Join Catholic mental health professionals as they share their personal journeys with you. Possessing a unique perspective that combines their faith and their profession, these individuals show all of us how they have traveled on various personal pilgrimages through the joys and sufferings of life.

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Grief Stages Two and Three

by Irene Rowland, MS, NCC, LPC

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I was in grad school when our son died by suicide. Ironically, I was studying to be a counselor. Not even I recognized what tiny little signs there may have been. He held everything together so well, but we know now he must have been a great actor with undiagnosed depression. He had lots of friends and family who loved him, went places, did things he enjoyed and acted as he normally did. There was no moping around his house with the curtains drawn or any of the other typical signs of depression. He had always been resilient dealing with trials in his almost 31 years of life. Only he knows what his final silent battles were.

Many Ways to Express Anger

The second stage of grief is anger. Not everyone experiences this. Some get angry with God… most people don’t stay in that place, but some do. Others blame and get angry with the doctors, nurses, family members or whoever they believe could’ve done things differently so that the loved one would still be here. Some get angry with the loved one for dying and leaving them. There are those who get angry with themselves and experience regret and guilt which can turn into depression.

Anger is an action word. I think my anger at the situation and all the unanswered questions, took the form of taking all the actions I could to get to the bottom of this mystery. One of the ways I dealt with my grief was to read every book that I could get my hands on concerning suicide and dealing with grief in general. I read about 40 books on these topics in the first year or two.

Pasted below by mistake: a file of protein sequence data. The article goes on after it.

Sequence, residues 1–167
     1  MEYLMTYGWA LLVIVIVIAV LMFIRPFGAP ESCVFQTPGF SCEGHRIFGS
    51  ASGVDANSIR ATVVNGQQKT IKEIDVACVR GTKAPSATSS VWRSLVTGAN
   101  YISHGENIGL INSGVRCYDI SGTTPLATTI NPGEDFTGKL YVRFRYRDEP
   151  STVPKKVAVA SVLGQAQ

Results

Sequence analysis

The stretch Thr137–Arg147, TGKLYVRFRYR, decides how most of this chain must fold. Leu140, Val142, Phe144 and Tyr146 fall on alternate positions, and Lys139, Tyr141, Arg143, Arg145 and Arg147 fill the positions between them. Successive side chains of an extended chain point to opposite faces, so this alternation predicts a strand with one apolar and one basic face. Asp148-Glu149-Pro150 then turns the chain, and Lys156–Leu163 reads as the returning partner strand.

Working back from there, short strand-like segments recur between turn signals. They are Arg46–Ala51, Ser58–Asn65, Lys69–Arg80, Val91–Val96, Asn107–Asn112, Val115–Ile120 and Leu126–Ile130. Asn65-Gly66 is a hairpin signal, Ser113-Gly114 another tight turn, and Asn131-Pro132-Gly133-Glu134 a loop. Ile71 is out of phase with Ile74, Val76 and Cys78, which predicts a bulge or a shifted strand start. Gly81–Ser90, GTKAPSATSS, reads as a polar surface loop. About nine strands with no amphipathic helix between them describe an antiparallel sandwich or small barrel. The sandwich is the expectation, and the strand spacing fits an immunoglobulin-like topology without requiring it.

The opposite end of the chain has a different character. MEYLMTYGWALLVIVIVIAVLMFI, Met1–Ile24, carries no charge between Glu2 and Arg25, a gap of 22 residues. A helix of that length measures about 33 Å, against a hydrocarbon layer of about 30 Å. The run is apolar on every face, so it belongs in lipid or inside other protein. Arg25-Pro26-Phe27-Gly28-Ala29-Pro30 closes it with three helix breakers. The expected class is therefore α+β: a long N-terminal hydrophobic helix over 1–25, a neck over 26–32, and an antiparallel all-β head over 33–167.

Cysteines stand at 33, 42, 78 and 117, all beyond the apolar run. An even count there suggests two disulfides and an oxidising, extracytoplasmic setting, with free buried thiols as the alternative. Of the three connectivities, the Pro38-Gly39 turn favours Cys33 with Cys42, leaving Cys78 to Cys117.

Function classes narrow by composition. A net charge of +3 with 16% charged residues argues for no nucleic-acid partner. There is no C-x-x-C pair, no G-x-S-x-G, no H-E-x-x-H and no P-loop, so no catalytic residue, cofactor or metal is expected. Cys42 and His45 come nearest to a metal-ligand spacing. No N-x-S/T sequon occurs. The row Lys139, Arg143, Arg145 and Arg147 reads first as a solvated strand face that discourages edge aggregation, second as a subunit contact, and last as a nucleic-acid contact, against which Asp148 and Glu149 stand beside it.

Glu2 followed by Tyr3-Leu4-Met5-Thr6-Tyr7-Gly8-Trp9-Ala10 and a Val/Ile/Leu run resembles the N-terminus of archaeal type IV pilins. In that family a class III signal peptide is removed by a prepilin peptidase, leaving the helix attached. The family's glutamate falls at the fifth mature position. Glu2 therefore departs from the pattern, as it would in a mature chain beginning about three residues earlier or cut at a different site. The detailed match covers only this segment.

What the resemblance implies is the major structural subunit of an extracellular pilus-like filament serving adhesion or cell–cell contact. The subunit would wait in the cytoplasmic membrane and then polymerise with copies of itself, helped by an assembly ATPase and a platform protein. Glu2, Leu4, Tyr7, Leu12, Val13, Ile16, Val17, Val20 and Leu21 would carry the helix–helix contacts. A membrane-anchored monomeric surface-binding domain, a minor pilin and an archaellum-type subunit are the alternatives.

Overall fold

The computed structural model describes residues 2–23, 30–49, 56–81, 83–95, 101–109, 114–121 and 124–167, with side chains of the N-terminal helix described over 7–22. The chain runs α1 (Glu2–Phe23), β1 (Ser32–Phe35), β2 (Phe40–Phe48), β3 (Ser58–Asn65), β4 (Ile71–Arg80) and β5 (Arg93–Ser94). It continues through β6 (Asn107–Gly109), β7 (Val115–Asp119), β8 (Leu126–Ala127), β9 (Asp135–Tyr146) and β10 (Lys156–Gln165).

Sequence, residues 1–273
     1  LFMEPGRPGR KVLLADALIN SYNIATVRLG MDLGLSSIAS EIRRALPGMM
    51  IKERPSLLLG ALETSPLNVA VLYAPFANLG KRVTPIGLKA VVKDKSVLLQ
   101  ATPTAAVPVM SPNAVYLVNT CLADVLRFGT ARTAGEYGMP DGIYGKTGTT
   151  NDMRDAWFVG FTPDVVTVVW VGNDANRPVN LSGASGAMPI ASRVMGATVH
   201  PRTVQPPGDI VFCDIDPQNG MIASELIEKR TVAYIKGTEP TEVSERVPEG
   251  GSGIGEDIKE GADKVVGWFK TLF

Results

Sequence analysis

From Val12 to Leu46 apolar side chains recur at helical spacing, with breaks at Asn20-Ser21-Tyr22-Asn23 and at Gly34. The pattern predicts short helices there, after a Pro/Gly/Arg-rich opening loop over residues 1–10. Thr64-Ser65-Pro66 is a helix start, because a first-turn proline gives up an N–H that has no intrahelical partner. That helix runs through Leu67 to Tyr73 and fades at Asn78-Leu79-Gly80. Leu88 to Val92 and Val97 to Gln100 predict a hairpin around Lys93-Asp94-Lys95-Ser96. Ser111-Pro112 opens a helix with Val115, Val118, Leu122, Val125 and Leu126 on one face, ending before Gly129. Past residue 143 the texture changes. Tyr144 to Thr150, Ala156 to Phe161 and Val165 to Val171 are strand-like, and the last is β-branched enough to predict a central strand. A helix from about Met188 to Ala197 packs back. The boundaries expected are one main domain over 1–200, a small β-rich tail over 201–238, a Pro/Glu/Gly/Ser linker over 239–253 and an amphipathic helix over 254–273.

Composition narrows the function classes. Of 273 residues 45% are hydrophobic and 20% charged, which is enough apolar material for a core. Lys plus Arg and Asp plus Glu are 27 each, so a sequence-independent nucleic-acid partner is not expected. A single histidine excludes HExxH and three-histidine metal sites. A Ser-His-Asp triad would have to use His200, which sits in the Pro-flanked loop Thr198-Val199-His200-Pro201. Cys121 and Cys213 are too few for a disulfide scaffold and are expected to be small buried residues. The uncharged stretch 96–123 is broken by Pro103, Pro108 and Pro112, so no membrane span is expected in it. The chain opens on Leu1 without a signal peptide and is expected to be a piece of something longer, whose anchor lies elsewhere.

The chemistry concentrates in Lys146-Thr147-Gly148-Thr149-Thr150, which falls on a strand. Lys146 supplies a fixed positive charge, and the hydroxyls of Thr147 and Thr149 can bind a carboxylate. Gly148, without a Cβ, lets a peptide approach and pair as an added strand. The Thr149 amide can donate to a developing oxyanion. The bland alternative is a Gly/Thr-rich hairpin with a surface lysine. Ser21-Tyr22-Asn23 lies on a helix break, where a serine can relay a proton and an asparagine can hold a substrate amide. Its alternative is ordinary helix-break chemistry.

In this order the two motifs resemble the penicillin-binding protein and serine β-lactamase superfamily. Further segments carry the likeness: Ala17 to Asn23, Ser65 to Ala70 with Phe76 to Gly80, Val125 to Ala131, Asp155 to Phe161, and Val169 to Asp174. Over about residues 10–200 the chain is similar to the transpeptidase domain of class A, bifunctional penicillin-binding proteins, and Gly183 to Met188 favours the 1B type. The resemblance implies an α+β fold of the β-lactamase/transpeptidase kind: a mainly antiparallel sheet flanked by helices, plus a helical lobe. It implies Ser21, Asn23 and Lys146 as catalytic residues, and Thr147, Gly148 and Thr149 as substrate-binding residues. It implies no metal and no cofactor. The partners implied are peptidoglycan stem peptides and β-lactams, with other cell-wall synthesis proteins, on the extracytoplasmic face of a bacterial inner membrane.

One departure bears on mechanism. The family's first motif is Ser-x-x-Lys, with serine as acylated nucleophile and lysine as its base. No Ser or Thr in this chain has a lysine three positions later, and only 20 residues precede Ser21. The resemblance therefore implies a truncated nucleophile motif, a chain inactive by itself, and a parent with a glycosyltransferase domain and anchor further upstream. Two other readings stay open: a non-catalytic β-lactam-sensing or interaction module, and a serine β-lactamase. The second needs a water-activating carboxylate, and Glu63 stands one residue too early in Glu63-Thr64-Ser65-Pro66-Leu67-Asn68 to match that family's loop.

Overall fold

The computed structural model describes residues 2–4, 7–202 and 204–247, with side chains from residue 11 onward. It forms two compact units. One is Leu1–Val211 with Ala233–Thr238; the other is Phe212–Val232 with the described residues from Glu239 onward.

A really short but helpful book, Living When a Loved One has Died, by Earl Grollman, was a reassurance when I found out what is normal in an abnormal situation. I went back to my classes 2 ½ weeks after losing Chris and went through the motions and got good grades. It was very difficult, but it was also beneficial to be distracted for pockets of time here and there. The determination to persevere was also a way to honor our son, I think that’s what he would’ve wanted me to do. I wanted to finish the path that God had set me on but I could’ve taken time off. It gave me a sense of sanity to have places to be and studying to do, maybe He prompted me to continue because that’s what was best for me. For someone else, stepping back might’ve been the answer.

Bargaining

As mentioned in a prior blog, bargaining only makes perfect sense in the original intent of the Kubler Ross ‘grief stages for those who are terminally ill. It’s possible that some who are grieving might bargain in a way similar to obsessive compulsive disorder symptoms such as ‘if I do xyz then nothing else bad will happen to my other loved ones.’ Bargaining can postpone feeling the pain, confusion and emotions of grief because like anger, it’s an action word. The noise of anger and bargaining make the silence and stillness needed for healing more difficult and prolong the path to finding a semblance of peace again.

About Irene Rowland, MS, NCC, LPC

Irene is a licensed professional counselor with Holy Family Counseling Center working out of two offices in the greater Atlanta area. She counsels individuals, couples and families. She considers it an honor to walk alongside her clients who are brave enough to be working on their growth journey. She is also trained in EMDR trauma therapy and uses it successfully with more than half of her clients. She is a member of the Catholic Psychotherapy Association, Chi Sigma Iota an international honor society in counseling, the Licensed Professional Counseling Association, Psi Chi an international honor society in Psychology, and a member of the National Board of Certified Counselors. For more information about her, please visit Holy Family Counseling Center.

 

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